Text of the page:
Prostate cancer is the second leading cause of cancer death in men in the United States. Localized prostate cancer can be cured by androgen ablation, but when the disease escapes the confines of the gland, the prospects for cure decrease drastically and the disease becomes """"""""castrate resistant."""""""" Bone is the primary site of castrate-resistant disease progression, which is associated with a poor prognosis. The fibroblast growth factor (FGF)/FGF receptor (FGFR) complex, a signaling axis involving multiple FGF ligands and receptors, mediates tumor-stromal interactions and is one ofthe most commonly altered signaling pathways during prostate cancer progression. Expression of FGFR1, multiple FGF ligands, and FGFR adaptor, FRS2a has been observed in prostate cancer epithelial cells. Our recent studies have defined a mouse model of prostate cancer highly dependent on FGF signaling, and have implicated FGFQ in the osteoblastic progression of human prostate cancer cells in bone. The results of our preliminary studies support a notion that during bone metastasis, the prostate cancer cells that aberrantly express both FGF and FGFRs creates a new """"""""compartment"""""""" in bone as source and recipient of additional FGF-mediated signaling, thus subverting homeostasis. The implication ofthe FGF axis in prostate cancer progression suggests that FGFR blockade represents a new therapeutic opportunity for men with castrate-resistant prostate cancer. Recently, TKI258, a receptor tyrosine kinase inhibitor (TKl) with strong activity against FGFR1-3 (IC50 <40 nM), has become available and is being used as an experimental new drug for solid tumors. The main goal of this proposed project is to establish the feasibility of using TKI258 to modulate FGF signaling in men with castrate-resistant prostate cancer and to correlate FGF signaling modulation with clinical disease progression. We will assess the effect of TKI258 on human prostate cancer xenografts growing in the prostate and bone of castrated immunodeficient male mice (Aim 1), and also on mouse models of prostate cancer (Aim 2) to identify markers of response to TK1258 therapy directly related to FGF signaling. We will then perform a proof-of-principle clinical study with TKI258 in men with castrate-resistant prostate cancer and bone marrow infiltration (Aim 3). The study will create an annotated tissue resource and will permit validation of FGF signaling responsive markers emerging from Aims 1 and 2. This will be the first clinical study to assess the effect of TKI258 in prostate cancer.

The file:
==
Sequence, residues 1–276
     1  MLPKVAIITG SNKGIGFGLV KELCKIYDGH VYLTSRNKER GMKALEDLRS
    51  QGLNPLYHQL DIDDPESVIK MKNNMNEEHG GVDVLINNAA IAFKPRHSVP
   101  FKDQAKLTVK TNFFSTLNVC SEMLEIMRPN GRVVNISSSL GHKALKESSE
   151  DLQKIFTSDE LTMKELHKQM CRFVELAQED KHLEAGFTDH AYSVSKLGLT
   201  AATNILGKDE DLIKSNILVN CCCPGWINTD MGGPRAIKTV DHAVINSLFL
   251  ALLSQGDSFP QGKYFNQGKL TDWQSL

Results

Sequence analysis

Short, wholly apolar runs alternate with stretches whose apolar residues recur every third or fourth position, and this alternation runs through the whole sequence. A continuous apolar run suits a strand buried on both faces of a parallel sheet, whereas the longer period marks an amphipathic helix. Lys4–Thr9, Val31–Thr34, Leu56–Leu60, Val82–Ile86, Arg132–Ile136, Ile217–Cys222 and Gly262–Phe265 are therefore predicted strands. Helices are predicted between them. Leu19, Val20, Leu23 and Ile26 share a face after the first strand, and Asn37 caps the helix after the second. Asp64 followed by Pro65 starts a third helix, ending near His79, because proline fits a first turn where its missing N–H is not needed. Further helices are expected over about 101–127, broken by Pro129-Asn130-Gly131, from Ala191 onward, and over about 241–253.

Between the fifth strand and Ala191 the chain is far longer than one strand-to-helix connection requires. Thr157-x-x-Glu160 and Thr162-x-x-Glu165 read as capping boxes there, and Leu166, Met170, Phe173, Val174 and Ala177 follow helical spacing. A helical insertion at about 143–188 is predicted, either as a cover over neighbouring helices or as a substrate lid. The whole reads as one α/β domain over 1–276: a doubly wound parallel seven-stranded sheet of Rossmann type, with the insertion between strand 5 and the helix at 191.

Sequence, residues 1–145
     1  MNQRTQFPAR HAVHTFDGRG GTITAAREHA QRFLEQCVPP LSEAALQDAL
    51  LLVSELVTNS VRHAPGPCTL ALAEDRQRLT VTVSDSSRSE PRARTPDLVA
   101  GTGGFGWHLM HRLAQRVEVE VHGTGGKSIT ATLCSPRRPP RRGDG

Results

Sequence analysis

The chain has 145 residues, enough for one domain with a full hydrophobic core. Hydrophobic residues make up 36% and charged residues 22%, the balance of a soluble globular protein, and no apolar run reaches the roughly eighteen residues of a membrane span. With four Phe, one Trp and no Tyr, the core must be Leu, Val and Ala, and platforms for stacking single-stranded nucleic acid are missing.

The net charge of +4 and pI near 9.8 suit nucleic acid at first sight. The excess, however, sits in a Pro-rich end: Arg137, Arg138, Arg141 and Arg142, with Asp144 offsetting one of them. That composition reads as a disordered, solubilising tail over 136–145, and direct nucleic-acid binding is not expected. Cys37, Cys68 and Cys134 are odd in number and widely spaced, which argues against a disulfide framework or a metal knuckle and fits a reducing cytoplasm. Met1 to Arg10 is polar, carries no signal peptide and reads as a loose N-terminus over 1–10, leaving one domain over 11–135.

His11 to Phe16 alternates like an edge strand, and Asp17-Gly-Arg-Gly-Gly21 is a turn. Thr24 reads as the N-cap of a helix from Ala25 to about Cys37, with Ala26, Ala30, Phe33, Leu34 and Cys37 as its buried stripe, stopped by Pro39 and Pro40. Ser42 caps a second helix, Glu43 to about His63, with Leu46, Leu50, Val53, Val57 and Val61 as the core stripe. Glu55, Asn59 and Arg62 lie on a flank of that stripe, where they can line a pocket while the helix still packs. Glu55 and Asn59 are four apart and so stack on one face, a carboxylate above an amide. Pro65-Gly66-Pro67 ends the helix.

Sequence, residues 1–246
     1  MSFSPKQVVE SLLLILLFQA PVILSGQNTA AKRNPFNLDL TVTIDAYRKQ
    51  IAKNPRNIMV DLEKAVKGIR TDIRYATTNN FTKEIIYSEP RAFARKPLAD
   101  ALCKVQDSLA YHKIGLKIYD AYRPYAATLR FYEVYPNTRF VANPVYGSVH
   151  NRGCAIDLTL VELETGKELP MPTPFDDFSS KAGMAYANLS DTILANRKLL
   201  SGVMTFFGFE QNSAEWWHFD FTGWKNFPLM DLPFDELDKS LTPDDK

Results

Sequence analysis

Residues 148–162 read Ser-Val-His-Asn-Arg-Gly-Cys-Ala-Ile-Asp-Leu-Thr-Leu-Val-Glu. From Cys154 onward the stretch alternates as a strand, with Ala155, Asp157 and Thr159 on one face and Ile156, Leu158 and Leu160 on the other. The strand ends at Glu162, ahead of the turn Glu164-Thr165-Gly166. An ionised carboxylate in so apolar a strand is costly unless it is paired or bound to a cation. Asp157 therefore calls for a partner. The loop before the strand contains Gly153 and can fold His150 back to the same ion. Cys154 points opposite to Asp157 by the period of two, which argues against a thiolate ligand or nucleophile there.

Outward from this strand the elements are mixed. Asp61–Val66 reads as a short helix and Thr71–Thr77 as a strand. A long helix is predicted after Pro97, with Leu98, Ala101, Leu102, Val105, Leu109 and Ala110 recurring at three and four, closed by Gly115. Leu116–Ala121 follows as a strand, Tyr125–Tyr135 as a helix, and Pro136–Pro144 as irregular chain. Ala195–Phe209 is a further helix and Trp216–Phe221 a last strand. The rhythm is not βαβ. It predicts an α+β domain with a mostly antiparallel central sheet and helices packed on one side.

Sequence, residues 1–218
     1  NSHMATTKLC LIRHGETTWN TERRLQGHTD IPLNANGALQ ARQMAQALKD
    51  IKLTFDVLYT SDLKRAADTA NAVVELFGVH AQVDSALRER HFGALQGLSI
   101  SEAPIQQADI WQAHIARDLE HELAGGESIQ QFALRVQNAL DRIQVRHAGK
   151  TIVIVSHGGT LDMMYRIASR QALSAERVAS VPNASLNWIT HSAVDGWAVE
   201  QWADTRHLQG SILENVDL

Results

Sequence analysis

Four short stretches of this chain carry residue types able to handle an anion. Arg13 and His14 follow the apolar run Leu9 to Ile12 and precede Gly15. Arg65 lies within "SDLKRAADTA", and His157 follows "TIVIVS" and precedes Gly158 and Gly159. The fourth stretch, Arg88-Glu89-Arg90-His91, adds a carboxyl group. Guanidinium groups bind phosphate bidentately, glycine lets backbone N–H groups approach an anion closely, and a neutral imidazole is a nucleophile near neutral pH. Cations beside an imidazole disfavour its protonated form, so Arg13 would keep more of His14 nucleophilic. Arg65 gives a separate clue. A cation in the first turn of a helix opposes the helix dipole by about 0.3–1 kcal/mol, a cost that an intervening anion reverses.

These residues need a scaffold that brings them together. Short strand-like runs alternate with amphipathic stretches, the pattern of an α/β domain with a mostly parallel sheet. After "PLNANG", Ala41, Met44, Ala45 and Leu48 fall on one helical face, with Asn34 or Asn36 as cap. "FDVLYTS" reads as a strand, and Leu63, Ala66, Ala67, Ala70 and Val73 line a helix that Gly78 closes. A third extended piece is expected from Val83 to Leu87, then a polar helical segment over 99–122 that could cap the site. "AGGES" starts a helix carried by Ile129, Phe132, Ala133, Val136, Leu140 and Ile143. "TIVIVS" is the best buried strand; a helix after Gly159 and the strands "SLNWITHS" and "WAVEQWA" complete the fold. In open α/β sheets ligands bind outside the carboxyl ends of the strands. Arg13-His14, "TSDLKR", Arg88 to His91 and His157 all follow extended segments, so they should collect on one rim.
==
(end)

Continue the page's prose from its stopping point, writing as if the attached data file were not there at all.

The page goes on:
Public Health Relevance

Prostate cancer is the second leading cause of cancer death in men in the United States. In the proposed study we will perform a proof-of-principle clinical study with a receptor tyrosine kinase inhibitor, TK1258 in men with castrate-resistant prostate cancer and bone marrow infiltration. The results of this study will be the foundation for development of further therapies of prostate cancer patients based on targeting the fibroblast growth factor signaling pathway.

Agency
National Institute of Health (NIH)
Institute
National Cancer Institute (NCI)
Type
Specialized Center (P50)
Project #
5P50CA140388-04
Application #
8380594
Study Section
Special Emphasis Panel (ZCA1-RPRB-7)
Project Start
Project End
Budget Start
2012-09-01
Budget End
2013-08-31
Support Year
4
Fiscal Year
2012
Total Cost
$285,810
Indirect Cost
$99,035
Name
University of Texas MD Anderson Cancer Center
Department
Type
DUNS #
800772139
City
Houston
State
TX
Country
United States
Zip Code
77030
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